Of late, there has a been a common and recurring theme to my conversation with nurses. Quite a few are seriously considering leaving the profession, and others are feeling burnt out, frustrated and undervalued. It’s understandable given the heartbreak and pressure nurses have faced. COVID-19 was a reality-check for Ontario’s health system, particularly its long-term care (LTC) sector.
For years, Ontario’s Registered Practical Nurses (RPNs) have advocated for changes to long-standing issues plaguing the province’s long-term care (LTC) sector. Ontario’s Long-Term Care COVID-19 Commission’s report highlights how pervasive recruitment and retention issues, inconsistent application of infection prevention and control (IPAC) practices, and a lack of clear public health guidance to the sector exacerbated the already dire situation in the province’s long-term care homes.
This Thursday marks the one-year anniversary since the World Health Organization declared COVID-19 a global pandemic. In a display of solidarity, 20 health organizations across the province are asking the public to remember those who have died from the virus by honouring their memory and reflecting on the hope that lies ahead.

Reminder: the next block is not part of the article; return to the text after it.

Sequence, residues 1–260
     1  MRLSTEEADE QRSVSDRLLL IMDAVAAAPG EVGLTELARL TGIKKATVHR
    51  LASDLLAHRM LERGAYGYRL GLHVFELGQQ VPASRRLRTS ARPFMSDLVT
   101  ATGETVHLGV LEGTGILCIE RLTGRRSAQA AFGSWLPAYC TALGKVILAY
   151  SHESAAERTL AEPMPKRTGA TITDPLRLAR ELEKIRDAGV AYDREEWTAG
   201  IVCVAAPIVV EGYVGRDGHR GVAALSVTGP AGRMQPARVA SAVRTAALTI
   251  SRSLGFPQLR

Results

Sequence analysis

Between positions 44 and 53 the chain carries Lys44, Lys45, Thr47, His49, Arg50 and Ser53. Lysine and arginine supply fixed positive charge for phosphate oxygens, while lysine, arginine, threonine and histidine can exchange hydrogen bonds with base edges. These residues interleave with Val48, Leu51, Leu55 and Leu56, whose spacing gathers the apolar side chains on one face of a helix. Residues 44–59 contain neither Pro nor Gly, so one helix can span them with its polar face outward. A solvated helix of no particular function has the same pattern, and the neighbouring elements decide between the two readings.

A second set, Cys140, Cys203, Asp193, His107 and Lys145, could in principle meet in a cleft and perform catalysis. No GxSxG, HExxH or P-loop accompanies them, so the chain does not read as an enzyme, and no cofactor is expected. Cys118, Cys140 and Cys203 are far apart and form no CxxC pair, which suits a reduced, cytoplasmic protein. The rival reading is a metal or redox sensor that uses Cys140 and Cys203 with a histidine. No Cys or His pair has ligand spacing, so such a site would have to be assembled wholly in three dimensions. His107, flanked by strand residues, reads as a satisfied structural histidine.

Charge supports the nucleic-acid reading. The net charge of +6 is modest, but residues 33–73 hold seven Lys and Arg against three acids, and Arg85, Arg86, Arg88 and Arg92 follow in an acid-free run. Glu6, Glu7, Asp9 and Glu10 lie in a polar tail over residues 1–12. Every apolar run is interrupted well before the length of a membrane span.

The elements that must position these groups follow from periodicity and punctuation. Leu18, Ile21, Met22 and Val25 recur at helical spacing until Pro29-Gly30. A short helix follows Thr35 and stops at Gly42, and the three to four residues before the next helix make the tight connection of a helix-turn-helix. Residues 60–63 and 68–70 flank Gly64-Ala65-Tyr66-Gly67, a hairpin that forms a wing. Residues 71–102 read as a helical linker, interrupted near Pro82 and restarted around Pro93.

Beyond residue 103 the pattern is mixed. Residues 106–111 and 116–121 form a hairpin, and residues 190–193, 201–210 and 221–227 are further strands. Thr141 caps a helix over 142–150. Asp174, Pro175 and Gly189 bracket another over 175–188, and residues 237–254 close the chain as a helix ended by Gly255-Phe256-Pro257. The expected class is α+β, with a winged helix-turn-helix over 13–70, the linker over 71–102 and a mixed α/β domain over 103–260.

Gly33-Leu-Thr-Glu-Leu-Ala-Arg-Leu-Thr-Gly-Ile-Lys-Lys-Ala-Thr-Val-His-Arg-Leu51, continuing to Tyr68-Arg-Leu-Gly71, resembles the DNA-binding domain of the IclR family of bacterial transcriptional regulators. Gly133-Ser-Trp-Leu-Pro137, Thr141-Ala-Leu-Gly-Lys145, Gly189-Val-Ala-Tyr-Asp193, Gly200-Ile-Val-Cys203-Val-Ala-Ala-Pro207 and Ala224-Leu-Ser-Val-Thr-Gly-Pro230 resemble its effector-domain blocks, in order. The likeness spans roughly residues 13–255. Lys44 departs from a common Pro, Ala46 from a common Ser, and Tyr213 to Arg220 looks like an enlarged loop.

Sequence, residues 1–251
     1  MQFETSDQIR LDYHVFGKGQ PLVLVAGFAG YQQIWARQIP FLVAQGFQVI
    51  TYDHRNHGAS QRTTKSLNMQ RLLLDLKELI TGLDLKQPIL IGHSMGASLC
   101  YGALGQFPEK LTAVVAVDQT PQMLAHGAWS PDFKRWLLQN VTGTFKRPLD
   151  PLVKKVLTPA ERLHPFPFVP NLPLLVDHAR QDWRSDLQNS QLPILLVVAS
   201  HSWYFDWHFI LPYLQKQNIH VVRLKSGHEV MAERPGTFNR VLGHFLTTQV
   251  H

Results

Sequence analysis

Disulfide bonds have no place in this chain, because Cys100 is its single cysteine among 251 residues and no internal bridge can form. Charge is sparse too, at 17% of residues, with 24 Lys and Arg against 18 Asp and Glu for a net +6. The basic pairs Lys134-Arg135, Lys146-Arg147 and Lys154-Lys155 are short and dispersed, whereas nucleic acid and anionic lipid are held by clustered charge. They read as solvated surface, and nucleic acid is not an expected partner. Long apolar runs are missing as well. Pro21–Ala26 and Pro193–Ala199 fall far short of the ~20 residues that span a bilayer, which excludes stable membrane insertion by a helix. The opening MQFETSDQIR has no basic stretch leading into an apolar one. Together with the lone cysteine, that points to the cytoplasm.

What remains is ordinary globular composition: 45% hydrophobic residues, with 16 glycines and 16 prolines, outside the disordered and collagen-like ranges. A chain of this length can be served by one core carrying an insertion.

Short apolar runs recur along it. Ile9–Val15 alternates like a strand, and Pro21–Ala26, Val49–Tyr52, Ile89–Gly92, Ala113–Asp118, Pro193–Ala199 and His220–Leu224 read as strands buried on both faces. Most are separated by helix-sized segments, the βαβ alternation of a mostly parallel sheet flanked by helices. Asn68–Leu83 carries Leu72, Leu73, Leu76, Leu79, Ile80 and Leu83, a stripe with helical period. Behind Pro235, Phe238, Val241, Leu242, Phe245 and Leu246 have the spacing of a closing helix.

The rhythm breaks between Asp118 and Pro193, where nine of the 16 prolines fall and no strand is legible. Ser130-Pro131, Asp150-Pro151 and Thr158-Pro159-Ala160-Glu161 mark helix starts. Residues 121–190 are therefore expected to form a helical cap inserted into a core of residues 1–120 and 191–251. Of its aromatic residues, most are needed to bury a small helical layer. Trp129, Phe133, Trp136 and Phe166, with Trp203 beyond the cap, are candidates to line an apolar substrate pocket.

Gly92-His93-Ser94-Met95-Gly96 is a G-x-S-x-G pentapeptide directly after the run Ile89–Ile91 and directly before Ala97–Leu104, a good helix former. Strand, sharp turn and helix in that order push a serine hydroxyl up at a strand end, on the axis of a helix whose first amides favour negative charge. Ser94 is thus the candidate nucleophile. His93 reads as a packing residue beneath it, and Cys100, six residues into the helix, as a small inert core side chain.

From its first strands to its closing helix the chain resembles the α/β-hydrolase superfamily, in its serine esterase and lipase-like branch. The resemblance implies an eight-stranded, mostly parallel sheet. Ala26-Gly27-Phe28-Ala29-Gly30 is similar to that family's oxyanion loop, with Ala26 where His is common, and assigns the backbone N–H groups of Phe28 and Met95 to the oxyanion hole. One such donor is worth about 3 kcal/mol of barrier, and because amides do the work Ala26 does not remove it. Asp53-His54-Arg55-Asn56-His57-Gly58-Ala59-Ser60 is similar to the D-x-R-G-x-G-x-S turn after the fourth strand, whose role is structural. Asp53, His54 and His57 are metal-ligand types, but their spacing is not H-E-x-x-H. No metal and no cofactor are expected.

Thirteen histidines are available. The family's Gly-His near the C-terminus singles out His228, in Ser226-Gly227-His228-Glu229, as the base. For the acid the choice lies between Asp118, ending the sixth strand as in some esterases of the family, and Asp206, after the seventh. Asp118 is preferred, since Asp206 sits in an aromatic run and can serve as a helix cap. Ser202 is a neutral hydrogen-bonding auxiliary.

Ontario Registered Practical Nurses (RPNs) support immediate government action to curb the spread of COVID-19 in our communities. We are calling on Ontarians to do their part. With the number of COVID-19 cases growing by the day and the holidays fast approaching, nurses are pleading with Ontarians to stay at home and adhere to public health guidelines to keep everyone’s families, friends and communities safe.
Given the alarming projected rise in hospitalizations outlined in today's modelling, and as the holiday season approaches, the association representing Ontario's hospitals and the professional associations representing the province's nurses, physicians and respiratory therapists are re-issuing our joint statement from earlier this week calling for immediate action.